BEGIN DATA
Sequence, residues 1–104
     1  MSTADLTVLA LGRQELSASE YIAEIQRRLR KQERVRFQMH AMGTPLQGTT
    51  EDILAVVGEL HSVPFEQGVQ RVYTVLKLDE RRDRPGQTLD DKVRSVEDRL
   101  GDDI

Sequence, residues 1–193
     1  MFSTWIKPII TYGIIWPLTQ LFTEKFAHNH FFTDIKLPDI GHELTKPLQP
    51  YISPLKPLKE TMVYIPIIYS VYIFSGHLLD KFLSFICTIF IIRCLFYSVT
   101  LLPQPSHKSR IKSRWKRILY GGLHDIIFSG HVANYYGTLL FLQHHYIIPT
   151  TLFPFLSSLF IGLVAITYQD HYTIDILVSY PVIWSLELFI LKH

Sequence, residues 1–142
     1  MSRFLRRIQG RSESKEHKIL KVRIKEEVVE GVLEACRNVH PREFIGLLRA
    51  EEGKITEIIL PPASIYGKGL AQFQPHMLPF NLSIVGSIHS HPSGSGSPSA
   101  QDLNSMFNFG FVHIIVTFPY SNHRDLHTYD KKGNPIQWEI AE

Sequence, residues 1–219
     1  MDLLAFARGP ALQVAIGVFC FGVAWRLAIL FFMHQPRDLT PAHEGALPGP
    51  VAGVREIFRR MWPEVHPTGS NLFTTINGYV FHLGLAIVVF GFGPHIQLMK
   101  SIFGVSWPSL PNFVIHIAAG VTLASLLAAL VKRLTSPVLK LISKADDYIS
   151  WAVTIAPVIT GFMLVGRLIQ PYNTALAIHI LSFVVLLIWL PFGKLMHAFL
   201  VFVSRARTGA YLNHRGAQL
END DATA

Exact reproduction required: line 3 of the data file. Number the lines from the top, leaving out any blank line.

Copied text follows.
    51  EDILAVVGEL HSVPFEQGVQ RVYTVLKLDE RRDRPGQTLD DKVRSVEDRL